USS Yorktown CV-10

The USS Yorktown CV-10 was a US Navy’s fleet aircraft carrier used in the Pacific Theater of Operations of World War II. Commission in April 1943, she was named after the USS Yorktown CV-5, which had been sunk in the Battle of Midway. As an Essex-class carrier, she could carry up to 100 aircraft (F6F Hellcats, SBD Dauntless, TBF Avengers) and was fitted with three deck elevators. She was armed with twelve 127mm (5″) guns, thirty-two 40mm Bofors AA guns, and forty-six 20mm Oerlikon AA guns. Her power plant consisted of 4 Westinghouse geared steam engines, with 4 shafts, supplied by 8 boilers, delivering 150,000 hp.

Brief History

USS Yorktown CV-10 first saw combat action in October 1943, when her aircraft attacked the Japanese base of Wake Island. On November 19, 1943, her dive bombers carried out air strikes against the Japanese military installations on Tarawa, a day before the US Marines landed there. In early 1944, she joined Task Force 58, under Adm Raymond Spruance. Having launched air raids against enemy military targets in the Palau Islands, she participated in the Battle of the Philippine Sea in June 1944. At the end of March 1945, her aircraft attacked Okinawa to soften up the terrain before the US invasion of the island. On April 7, 1945, her bombers attacked and sank the Imperial Japanese Navy’s battleship Yamato.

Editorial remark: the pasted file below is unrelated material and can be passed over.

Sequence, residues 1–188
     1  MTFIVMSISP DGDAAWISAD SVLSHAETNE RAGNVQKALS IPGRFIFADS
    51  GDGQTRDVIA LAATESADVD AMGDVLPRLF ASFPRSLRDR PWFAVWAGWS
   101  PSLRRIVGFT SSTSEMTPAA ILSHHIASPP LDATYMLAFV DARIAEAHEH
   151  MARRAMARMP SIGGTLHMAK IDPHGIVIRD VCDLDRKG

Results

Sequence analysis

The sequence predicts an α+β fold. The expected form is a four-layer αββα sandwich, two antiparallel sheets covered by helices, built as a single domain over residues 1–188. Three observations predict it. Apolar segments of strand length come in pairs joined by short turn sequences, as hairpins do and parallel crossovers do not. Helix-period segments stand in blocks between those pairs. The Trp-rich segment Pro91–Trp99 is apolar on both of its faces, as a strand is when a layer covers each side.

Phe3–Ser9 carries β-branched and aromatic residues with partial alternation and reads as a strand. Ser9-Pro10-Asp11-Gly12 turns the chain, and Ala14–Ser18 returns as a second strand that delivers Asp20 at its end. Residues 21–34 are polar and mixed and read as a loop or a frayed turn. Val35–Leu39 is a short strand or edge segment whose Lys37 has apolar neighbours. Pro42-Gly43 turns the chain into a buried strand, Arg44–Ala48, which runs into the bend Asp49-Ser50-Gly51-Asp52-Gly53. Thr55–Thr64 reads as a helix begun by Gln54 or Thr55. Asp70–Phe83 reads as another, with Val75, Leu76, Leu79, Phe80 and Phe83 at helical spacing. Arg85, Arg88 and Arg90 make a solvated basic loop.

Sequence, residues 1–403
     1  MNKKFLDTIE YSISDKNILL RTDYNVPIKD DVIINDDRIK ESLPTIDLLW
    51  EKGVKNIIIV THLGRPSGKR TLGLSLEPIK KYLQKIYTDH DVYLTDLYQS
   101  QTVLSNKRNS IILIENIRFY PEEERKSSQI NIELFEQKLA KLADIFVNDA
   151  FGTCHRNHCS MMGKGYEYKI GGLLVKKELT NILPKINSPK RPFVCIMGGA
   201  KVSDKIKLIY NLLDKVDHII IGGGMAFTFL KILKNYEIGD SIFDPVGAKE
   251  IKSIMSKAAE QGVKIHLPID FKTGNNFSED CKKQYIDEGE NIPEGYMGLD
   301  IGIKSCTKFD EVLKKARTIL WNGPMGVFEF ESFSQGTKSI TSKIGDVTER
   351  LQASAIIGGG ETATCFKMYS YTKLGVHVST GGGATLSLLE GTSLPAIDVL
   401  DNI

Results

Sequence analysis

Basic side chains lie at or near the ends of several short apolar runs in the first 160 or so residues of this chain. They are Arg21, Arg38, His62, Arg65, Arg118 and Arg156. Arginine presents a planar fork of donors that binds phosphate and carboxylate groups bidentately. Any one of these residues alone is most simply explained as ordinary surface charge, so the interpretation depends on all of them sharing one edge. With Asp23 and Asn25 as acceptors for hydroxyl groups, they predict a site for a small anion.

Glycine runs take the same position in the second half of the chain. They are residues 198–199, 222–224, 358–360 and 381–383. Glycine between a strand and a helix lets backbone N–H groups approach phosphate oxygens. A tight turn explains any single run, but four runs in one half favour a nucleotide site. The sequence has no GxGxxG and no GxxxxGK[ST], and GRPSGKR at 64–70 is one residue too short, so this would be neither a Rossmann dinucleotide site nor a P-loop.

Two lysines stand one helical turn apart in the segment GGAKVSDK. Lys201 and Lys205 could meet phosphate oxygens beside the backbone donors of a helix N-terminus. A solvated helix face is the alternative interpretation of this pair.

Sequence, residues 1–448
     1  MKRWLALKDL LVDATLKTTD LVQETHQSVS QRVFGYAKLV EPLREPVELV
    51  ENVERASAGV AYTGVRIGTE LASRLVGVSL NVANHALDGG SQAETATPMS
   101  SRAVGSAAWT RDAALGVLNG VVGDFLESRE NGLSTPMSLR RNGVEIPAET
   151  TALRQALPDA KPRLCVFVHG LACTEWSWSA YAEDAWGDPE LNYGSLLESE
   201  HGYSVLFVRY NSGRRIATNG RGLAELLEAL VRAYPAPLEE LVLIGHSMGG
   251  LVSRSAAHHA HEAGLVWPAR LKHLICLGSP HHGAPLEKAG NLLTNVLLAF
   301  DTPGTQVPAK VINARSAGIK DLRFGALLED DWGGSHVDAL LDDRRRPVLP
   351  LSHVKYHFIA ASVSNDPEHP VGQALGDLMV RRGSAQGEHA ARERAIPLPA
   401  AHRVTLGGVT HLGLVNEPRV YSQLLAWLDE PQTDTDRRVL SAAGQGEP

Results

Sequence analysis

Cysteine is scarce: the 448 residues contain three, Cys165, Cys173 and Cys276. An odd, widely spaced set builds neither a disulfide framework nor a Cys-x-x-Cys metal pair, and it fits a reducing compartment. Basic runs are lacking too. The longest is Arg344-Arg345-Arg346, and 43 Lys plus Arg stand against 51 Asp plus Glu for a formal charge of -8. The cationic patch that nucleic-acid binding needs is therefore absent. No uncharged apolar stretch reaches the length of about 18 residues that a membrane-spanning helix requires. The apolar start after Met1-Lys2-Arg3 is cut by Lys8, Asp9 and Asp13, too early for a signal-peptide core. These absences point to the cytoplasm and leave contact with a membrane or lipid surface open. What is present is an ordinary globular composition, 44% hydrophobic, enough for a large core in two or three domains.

Two years after World War II, Yorktown CV-10 was decommissioned. However, she would be recommissioned in 1953 to join the US 7th Fleet, designated as an attack carrier (CVA-10). In 1957, she was reclassified as CVS-10 and upgraded with an angled flight deck and steam catapults. In the 1960s, she carried out naval operations off the coast of Vietnam. In 1970, the USS Yorktown CVS-10 was decommissioned for the last time. During her brilliant military career, she had won 11 Battle Stars.


Length: 250 m (273 yd)

Beam: 28 m (30 yd)

Draft: 8.66 m

Displacement: 27,100 tons

Speed: 33 knots

Range: 20,000 nautical miles

Crew: 2,700 sailors and officers





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Thor is Carlos Benito Camacho, the manager and writer of this blog.